Psychological Self-Help

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20. Extinction: This process involves the removal of all
reinforcement for an unwanted behavior. But since the pleasures and
unconscious payoffs of consuming things are naturally pleasurable or
conditioned and automatically present, there is no way to instantly
turn off these reinforcers. That is, food, drink, and cigarettes will still
taste good to the user. The oral habits of eating and drinking have
been paired with need-satisfying situations thousands of times. Even
unconscious purposes may be served, such as getting fat to make you
less sexy, drinking to help you feel more sociable or powerful,
becoming out of control so someone will help you, not eating to run
the risk of death, etc. These unconscious consequences can't all be
eliminated but some can be counterbalanced with realistic self-
awareness and self-criticism. Many other undesirable outcomes can be
avoided. Examples: the drinker can ask friends, in advance, to refuse
to clean up your clothes or vomit; if asked maybe they will avoid
laughing at how much you drink or eat (if not, avoid them); you can
ask your friends to tell you if they prefer that you not smoke (to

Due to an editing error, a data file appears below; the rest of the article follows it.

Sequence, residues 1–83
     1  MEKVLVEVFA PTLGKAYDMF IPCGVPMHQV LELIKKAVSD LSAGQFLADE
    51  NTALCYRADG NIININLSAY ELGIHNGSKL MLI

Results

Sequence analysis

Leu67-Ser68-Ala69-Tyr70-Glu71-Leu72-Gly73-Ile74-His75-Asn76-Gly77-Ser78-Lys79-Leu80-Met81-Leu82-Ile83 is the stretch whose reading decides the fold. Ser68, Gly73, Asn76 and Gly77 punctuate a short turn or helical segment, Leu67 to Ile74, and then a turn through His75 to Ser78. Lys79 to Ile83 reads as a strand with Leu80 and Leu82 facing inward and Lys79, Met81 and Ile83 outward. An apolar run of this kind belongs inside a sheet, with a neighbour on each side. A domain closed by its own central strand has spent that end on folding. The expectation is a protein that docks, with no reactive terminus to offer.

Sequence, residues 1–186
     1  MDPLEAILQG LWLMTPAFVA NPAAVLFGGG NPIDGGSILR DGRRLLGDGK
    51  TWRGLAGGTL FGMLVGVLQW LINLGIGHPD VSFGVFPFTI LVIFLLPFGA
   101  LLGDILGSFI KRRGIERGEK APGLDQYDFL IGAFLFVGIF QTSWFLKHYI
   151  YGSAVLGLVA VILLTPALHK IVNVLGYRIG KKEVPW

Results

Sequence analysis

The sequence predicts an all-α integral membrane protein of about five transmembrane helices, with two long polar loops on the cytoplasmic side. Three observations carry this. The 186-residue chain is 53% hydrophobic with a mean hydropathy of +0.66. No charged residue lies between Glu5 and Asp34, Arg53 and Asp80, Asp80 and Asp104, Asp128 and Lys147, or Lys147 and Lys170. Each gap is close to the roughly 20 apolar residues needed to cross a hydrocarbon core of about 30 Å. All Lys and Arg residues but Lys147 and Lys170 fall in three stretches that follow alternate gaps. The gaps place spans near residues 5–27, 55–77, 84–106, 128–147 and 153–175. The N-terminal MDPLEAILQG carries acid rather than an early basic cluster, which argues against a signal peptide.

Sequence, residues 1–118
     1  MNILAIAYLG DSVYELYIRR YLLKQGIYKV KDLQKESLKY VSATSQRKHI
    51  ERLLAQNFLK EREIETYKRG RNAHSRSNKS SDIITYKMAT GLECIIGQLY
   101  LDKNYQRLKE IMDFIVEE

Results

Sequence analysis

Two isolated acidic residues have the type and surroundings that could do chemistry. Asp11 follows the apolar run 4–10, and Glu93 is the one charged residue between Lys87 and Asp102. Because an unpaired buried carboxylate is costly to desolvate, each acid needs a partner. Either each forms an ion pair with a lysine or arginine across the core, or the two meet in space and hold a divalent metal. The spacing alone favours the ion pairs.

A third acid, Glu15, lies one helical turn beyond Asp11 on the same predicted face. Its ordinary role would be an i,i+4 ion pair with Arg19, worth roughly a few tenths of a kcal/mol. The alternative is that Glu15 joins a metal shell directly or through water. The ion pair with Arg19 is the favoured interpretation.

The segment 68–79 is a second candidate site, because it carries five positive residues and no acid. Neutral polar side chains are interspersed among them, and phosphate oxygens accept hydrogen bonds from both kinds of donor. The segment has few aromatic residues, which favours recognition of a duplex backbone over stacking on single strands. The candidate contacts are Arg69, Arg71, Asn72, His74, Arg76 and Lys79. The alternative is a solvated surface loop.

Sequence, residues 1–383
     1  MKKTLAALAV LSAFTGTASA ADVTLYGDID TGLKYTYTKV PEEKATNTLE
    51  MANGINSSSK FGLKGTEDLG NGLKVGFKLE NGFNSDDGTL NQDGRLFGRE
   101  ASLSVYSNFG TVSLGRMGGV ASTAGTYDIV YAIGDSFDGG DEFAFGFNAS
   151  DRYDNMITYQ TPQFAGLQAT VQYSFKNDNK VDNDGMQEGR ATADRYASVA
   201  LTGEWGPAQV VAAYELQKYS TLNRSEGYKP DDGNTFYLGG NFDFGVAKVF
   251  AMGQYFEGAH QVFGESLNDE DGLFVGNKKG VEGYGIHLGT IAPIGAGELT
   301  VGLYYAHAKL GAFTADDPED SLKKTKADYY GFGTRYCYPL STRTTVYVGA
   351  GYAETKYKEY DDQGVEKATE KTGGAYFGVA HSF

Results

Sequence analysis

counter your pleasure); you can avoid fishing for compliments and
comments about not looking overweight, etc. You can take away some
of the reinforcements from consuming but not all. The reinforcement
of other unwanted behaviors may be easier to eliminate. 
Completing Your Self-Help Plan
What other self-help methods can be used within other
non-behavioral parts of the problem?
The 20 methods above are all directed towards changing our
behavior, not our emotions or skills or attitudes or unconscious
motives. In every problem situation, something is probably happening
in all five parts of the problem (see chapter 2). Ask yourself: What is
going on at other levels? What can be done? 
Part II: The conscious emotions
As you probably realized long ago, and as I have repeatedly
emphasized, oral habits--eating, drinking, smoking--are often
intimately tied with emotions. The emotions may not be obvious to
you; it may just seem like a habit to overeat or overdrink or smoke.
There is no way of knowing for sure all the causes for your unwanted
habits. However, if some bad habit seems especially hard to change,
certainly consider the possibility that the behavior satisfies a basic
need, avoids something unpleasant, or is in some way associated with
an emotion. 
The questions you should ask yourself are: What needs and
emotions are connected with this habit? How can I take care of those
needs (without continuing the unwanted behavior)? Should these
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